On September 23, 1941, on the occasion of the Jewish New Year (Rosh Hashanah), the Lodz ghetto schoolchildren presented Jewish Council chairman Rumkowski with an album of hand-drawn New Year's greetings from 43 of the schools.

Karolina Dresler

The Jewish children of Lodz suffered unfolding harsh realities after the German invasion of Poland. Some of the children, among them Karolina Dresler, recorded their experiences in diaries. Their voices offer a view into the struggle of a community and its young to live in spite of the most difficult circumstances.

 

Excerpt

“They told us to sit in the corner and let us cut circles from a material to make shoulder pads. We were a group, maybe ten children, different ages. There were younger children than me as well. And they ordered us to cut these circles.”
—Karolina Dresler, age 14, fall 1941

Karolina's Story

Karolina Dresler was born in Lodz in December 1927, the younger sister of Teresa-Tauba Dresler. Their father, Mordechai, was an upholsterer-decorator and the family was doing quite well financially. They lived on the main street in Lodz, Piotrkowska Street. The girls were well taken care of by their parents. Home and school were central to their lives. When the order of to wear the yellow Star of David was issued, Karolina was scared to walk in the street. Soon after, the family was forced to leave their beautiful apartment and move into the Lodz ghetto. At first it seemed like an adventure, but when she saw the miserable conditions in the ghetto she realized the reality of the new situation. Karolina remembers well that she could not take her dollhouse with her.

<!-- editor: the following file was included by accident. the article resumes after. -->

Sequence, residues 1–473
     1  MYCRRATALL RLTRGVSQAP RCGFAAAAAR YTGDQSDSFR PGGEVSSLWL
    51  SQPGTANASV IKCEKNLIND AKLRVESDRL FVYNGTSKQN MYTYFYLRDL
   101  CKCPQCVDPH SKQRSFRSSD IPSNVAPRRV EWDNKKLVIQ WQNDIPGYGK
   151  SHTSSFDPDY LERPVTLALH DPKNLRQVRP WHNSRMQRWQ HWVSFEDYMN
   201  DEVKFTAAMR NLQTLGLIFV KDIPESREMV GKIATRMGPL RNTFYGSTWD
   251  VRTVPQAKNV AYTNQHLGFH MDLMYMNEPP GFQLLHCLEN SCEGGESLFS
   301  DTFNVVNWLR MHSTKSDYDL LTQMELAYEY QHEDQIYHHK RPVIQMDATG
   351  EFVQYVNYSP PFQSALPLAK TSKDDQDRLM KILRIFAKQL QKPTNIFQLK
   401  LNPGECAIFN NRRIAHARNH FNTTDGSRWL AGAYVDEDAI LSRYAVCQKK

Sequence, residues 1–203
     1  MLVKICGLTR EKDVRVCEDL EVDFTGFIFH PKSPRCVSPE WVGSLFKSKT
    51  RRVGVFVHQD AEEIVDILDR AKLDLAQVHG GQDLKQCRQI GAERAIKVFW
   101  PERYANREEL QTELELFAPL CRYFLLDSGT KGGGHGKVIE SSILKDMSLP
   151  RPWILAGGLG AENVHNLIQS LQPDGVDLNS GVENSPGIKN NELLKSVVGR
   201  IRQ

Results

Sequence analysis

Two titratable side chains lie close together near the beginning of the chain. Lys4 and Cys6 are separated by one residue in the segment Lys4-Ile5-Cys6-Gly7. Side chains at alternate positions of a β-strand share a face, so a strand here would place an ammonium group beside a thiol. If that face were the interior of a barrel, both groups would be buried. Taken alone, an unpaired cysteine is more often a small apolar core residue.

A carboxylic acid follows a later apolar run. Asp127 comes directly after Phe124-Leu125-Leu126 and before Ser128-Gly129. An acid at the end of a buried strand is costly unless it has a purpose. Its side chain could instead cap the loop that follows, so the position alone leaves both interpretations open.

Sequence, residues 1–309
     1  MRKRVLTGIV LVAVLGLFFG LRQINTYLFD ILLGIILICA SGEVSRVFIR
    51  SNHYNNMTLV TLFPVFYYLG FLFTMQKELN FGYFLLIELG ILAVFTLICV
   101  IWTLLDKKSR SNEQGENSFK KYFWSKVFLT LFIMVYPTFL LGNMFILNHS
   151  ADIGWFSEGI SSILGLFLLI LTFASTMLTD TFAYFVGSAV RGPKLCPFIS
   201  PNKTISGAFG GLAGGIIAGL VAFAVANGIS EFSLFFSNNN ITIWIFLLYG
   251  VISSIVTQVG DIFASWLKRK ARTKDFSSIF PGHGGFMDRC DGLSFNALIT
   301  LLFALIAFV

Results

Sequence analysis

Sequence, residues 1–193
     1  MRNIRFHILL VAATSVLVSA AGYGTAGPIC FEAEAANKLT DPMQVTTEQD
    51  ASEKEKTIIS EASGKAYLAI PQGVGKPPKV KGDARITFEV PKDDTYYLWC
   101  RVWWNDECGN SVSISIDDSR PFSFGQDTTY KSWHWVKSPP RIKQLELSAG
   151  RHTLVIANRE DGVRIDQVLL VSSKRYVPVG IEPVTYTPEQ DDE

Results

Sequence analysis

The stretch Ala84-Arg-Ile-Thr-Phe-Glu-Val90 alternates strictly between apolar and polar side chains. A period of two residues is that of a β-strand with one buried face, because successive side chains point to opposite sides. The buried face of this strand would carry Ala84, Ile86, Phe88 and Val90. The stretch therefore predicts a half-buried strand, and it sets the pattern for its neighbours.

Karolina started to attend middle school in the ghetto (her signature is # 12,648 in the album), but her sister had to go to work. After the fall of 1941—when the schools were closed—Karolina started to work in a sewing workshop. She was also part of a group of children who received some vocational training in the workshop. Mr. Glazer, the head of the workshop, organized the "little school" for the children to learn sewing and cutting, along with some math, Yiddish, and poetry as well. During work, for two years, Karolina made round shoulder pads.

Karolina's father died in July 1942 when she was 14 years old. For Karolina his death symbolized the end of her childhood. During the Gehsperre Aktion in the Lodz ghetto, Karolina's mother decided that she and her two daughters should go into hiding. They hid in a small attic for a day or two and then changed their hiding place to a destroyed house across the street.

Karolina belonged to a youth organization, mainly to escape the home reality—the grueling housework that her mother, Sonia, demanded in order to maintain discipline and hygiene.

In August 1944, Sonia Dresler and her two daughters—Karolina and Teresa—were deported from the Lodz ghetto to the Auschwitz-Birkenau killing center. The two young women were selected for forcedlabor, while their mother was murdered on arrival. They were transferred to series of slave labor camps. Karolina was finally liberated in Halbstadt (today: Mezimesti, Czech Republic) on May 8, 1945. She returned to her hometown, Lodz, where she was reunited with her sister Teresa.

In 1957 Karolina Dresler Ciesla, her husband, and two daughters immigrated to Brazil, while her sister Teresa and her husband Alexander Klugman immigrated to Israel. The two families were reunited in 1961, when the Ciesla family immigrated to Israel to live close to her sister and her family.